The media gushing over Texas filibusterer Sen. Wendy Davis continues in such a way as to make Chris Farley, above, seem restrained. Davis is the woman who has halted, at least for the time being, a bill that would require Texas abortion clinics to have the same standards other ambulatory surgery centers are required to have. It would also prohibit, with some exceptions, the killing of children who had reached five or more months' gestation. And the bill would also require abortion doctors to have admitting privileges at a nearby hospital, in case of an emergency.
There are so very many fascinating things to look at, particularly in the context of the tremendous and notorious difficulty the mainstream media has had covering various problems at abortion clinics, including convicted murderer Kermit Gosnell's abortion "house of horrors," Texas' own alleged killer of babies born alive, Douglas Karpen, and clinics around the country.
Let's go over various media coverage of this religion ghost-haunted, hot-button story. One important thing to keep in mind is that this is not a forum for discussing abortion or doctrinal views on abortion or particular legislation about abortion. You are welcome to have your strongly held opinions on those matters and you are welcome to have those discussions -- just not here. We keep discussions focused on media coverage.The goal is to see if the mainstream press can present the views of people on both sides of this debate in an accurate and balanced manner. It's called journalism.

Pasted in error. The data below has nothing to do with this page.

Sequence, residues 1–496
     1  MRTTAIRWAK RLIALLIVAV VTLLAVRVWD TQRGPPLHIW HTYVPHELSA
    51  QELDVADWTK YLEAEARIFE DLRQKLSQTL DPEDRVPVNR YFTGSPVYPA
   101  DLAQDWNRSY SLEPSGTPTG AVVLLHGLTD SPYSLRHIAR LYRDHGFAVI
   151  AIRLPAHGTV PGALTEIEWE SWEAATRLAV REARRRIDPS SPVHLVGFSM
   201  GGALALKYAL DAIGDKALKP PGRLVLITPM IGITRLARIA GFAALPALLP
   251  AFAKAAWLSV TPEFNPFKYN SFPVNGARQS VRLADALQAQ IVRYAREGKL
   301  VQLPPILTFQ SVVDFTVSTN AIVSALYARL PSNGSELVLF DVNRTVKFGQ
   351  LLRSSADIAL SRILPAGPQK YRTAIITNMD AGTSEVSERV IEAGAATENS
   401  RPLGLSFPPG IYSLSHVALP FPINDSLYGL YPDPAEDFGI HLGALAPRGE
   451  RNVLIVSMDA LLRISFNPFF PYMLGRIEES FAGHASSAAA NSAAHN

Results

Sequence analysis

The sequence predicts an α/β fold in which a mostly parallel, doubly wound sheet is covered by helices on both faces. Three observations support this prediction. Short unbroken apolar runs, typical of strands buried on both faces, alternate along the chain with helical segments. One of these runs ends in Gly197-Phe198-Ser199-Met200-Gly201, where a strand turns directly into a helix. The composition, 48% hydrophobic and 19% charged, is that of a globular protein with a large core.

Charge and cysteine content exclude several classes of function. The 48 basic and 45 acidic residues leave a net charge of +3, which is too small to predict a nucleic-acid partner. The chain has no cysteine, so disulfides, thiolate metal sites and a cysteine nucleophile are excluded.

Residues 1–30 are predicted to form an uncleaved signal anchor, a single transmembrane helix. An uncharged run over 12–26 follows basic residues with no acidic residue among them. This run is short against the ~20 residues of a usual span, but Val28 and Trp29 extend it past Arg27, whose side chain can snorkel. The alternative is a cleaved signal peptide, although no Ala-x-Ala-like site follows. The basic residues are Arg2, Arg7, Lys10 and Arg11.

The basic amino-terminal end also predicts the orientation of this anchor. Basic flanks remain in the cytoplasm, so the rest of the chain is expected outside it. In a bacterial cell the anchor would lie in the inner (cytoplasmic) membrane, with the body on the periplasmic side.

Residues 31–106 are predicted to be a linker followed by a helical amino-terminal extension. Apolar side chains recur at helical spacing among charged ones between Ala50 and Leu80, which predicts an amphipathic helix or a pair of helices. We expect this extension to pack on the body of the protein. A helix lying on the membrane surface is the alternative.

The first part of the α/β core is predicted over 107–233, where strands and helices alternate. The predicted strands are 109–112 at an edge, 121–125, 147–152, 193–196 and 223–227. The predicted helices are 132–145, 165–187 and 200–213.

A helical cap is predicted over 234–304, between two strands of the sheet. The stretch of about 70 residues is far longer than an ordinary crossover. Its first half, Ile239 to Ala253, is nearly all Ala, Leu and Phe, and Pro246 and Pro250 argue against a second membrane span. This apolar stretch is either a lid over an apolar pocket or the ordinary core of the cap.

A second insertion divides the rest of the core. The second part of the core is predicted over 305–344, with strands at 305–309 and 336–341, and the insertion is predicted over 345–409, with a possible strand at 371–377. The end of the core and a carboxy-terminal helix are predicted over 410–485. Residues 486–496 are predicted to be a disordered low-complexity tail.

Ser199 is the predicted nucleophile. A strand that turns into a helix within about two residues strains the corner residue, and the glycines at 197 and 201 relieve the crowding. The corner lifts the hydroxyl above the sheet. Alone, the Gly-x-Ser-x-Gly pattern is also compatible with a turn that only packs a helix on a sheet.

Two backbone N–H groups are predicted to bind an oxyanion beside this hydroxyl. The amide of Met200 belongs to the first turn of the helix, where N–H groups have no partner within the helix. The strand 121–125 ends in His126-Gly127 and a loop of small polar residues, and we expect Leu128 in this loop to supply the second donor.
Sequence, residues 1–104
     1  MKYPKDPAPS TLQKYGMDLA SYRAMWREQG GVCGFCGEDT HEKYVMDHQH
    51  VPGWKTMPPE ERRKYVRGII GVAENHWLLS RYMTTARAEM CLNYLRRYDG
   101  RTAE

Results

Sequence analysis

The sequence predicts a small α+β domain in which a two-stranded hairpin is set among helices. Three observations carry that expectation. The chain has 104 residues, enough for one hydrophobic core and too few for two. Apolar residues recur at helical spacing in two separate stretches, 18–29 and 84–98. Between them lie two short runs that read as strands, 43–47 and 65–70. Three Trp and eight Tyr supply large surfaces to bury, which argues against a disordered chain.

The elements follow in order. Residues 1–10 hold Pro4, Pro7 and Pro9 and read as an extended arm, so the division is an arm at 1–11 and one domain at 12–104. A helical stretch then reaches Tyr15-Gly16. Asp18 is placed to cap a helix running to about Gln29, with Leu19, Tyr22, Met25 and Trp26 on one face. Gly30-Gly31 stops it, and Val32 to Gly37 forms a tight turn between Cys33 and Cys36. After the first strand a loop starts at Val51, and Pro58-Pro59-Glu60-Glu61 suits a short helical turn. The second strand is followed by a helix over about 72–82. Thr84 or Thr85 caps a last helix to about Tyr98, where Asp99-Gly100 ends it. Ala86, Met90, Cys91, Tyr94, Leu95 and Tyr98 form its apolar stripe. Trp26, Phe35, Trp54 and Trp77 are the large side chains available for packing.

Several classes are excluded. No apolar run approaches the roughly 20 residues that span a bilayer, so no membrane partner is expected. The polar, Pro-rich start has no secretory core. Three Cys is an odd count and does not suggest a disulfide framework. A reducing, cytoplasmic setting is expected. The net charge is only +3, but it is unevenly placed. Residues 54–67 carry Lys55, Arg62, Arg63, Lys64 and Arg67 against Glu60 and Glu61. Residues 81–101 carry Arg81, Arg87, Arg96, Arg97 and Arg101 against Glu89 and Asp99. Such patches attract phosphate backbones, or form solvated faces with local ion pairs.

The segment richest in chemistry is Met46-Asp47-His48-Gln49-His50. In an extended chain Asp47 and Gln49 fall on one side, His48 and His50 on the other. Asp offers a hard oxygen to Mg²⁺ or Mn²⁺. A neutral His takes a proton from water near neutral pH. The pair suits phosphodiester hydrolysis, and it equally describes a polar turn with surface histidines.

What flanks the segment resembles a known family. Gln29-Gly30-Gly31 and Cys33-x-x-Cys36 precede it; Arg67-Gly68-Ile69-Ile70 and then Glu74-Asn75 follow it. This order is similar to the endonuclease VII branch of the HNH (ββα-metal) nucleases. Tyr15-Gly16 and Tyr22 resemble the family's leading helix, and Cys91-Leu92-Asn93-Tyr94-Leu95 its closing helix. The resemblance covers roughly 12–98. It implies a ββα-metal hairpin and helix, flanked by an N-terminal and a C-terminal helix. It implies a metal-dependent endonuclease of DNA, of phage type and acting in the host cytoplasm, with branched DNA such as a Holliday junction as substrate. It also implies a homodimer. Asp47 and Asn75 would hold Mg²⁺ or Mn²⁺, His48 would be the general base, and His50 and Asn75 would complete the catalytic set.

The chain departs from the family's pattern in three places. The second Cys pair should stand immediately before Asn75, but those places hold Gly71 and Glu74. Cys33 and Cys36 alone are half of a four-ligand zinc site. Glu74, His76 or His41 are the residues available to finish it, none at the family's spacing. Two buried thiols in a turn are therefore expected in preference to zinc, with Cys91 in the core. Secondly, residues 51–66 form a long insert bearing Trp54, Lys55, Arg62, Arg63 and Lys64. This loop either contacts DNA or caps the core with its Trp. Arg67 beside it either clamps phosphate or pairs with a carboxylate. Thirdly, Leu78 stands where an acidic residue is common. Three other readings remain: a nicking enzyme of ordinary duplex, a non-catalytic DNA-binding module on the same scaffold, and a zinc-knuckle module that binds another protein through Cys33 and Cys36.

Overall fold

If you are interested in media coverage, in basic journalism, please join in the discussion.
OK, so first off, the Associated Press's initial story (or headline), which actually was wrong, framed the debate word-for-word as did the pro-choice activists opposing the bill do.
AUSTIN, Texas (AP) — Republicans pass new restrictions expected to close almost every abortion clinic in Texas.
This one-sentence off the wire was updated, of course, but the framing remained the same, if the hyperbole was somewhat softened, throughout mainstream media accounts. Almost invariably we got the pro-choice spin on this story as if it were the news. By "requiring tighter medical standards," as USA Today put it, the bill would have "effectively close[d] most abortion clinics in Texas."